ISTANBUL (Reuters) — When the clothing factory where Syrian refugee Mohammed Eid had worked since arriving in Istanbul closed because of the coronavirus lockdown, his manager had a bleak message for laid-off staff: you’re on your own.
Like millions across Turkey, Eid lost his wage packet overnight. But unlike Turkish workers idled by the enforced shutdown, he found no safety net to help him and his family through the sudden crisis.
With a wife, three-year-old daughter and second child due any day, Eid has no income to pay bills or the rent on his basement apartment in the working class district of Esenyurt, where many Syrian refugees live.
“When the factory closed, the boss told us ‘This break is at your expense, not mine’,” Eid said in the small home he found after arriving from Jordan in December. “I have to sort out my costs of living, eating. He gave me nothing.”
While Turkish workers laid off since March are entitled to 1,200 lira (US$170) a month from the state, that benefit does not extend to hundreds of thousands of Syrians, most of whom work in the informal economy, many as day laborers.
Clothing retailers and shopping malls have closed across the country and many of their suppliers have shut down too as Ankara attempts to contain an outbreak that has killed close to 3,000.
The government aims to begin reviving the economy in late May, a senior official said this week, and Eid said he expected to hear from his own employer at around that time. Until then he and others wait in limbo, fearing eviction and worrying how to feed their families.
“We don’t know how many Syrians could have been laid off. We’re talking about somewhere between 700,000 to 800,000 potential informal Syrian workers in the labor market,” said Omar Kadkoy a policy analyst at the Economic Policy Research Foundation of Turkey (TEPAV) in Ankara.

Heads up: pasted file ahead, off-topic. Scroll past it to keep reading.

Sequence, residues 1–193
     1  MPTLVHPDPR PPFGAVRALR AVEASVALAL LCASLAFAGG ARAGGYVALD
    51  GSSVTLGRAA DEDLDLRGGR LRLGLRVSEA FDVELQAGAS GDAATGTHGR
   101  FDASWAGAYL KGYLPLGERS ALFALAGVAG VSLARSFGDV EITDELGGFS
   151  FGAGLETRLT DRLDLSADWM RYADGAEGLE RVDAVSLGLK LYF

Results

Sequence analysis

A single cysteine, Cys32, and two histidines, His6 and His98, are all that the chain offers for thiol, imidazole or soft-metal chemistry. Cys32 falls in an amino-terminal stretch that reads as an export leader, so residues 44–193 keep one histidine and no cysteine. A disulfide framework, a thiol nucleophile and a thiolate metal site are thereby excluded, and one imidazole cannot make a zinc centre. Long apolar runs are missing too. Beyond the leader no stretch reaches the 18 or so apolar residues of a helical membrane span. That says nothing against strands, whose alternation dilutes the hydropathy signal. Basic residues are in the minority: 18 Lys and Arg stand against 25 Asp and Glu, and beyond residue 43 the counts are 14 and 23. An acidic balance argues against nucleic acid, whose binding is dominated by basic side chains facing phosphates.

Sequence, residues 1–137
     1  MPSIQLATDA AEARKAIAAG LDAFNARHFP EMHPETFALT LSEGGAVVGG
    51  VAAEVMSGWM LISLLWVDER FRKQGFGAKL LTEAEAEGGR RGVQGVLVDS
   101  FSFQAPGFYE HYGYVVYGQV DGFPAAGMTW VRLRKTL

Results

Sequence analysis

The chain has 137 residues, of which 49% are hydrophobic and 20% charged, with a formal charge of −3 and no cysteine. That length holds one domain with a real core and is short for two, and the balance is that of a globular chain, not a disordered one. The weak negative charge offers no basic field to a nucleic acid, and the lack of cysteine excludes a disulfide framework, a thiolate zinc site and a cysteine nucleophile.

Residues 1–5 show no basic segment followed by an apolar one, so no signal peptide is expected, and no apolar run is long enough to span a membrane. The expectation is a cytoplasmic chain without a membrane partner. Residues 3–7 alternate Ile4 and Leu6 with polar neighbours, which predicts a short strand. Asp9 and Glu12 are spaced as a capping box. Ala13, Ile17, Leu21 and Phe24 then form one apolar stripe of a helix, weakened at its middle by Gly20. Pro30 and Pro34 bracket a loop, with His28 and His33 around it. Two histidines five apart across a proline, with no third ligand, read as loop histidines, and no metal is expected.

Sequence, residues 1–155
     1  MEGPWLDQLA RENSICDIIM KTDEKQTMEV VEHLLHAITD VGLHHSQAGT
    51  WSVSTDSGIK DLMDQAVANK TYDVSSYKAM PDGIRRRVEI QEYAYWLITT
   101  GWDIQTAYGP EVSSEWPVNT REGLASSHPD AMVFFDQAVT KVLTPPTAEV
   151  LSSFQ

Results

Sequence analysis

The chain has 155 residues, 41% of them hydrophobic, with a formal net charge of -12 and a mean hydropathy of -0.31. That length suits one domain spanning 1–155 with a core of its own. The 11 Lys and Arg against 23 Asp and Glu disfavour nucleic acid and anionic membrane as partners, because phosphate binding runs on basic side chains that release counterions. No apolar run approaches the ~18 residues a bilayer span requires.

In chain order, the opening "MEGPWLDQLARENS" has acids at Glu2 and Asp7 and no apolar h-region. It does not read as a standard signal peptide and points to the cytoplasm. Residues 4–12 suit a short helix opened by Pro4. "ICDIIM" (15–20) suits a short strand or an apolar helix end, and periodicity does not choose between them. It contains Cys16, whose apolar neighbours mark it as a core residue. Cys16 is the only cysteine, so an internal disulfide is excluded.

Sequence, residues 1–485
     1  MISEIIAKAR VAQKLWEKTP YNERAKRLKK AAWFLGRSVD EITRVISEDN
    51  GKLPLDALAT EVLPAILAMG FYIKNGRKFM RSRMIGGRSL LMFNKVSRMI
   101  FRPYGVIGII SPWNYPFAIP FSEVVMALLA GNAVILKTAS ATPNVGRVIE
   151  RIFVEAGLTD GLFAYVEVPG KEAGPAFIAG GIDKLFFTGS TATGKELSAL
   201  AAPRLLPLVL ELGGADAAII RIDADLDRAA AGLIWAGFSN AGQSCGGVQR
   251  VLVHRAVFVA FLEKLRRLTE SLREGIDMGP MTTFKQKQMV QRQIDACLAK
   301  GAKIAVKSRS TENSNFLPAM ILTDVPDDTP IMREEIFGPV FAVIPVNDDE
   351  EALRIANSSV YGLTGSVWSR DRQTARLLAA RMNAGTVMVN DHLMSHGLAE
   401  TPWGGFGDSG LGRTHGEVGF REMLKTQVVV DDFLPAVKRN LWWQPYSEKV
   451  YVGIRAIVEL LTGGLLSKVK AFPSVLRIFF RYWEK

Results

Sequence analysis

Turkey hosts 3.6 million Syrians, the world’s largest refugee population, who have fled the nine-year conflict that has killed hundreds of thousands of people in their country. Most live in Istanbul or near Turkey’s southern border with Syria, only a small minority in refugee camps.
They mostly work in clothing companies, manufacturing, construction or the hospitality sector.
A Labor Ministry spokeswoman said only Turkish workers could benefit from the government’s coronavirus aid package, and that Syrians were already supported by United Nations and European Union aid projects.
However, an EU-funded scheme which distributes monthly cash payments via Turkey’s Red Crescent to refugees is limited to families with three or more children, or those without working-age men, Syrians say.
“We have not received any support from […] anywhere,” said Suhaib al-Bakr, a 33-year father of two from Syria’s northeastern province of Hasaka.
Bakr, a veterinarian in his own country, worked for the past four years as an assistant at tailoring companies in Istanbul, taking daily work where it was available for about $13 a day.
He hasn’t worked for six weeks. His landlord agreed to cancel his rent payment last month, but is expecting the next instalment. If he could, Bakr says he would even return to the ruins of his own country to escape the uncertainty.
“The situation is bad there, worse than here. But my mother and father are there. We can go and live with them,” he said. “But the way is closed. What can I do?”
By Dominic Evans, Umit Bektas
Editing by Tuvan Gumrukcu and John Stonestreet
Image: Mohammed Eid and his wife Raba Abdulkarim pose with their daughter Jouri at their home during a four-day curfew which was imposed to prevent the spread of the coronavirus disease (COVID-19), in Istanbul, Turkey, April 26, 2020. Picture taken April 26, 2020. (REUTERS/Umit Bektas)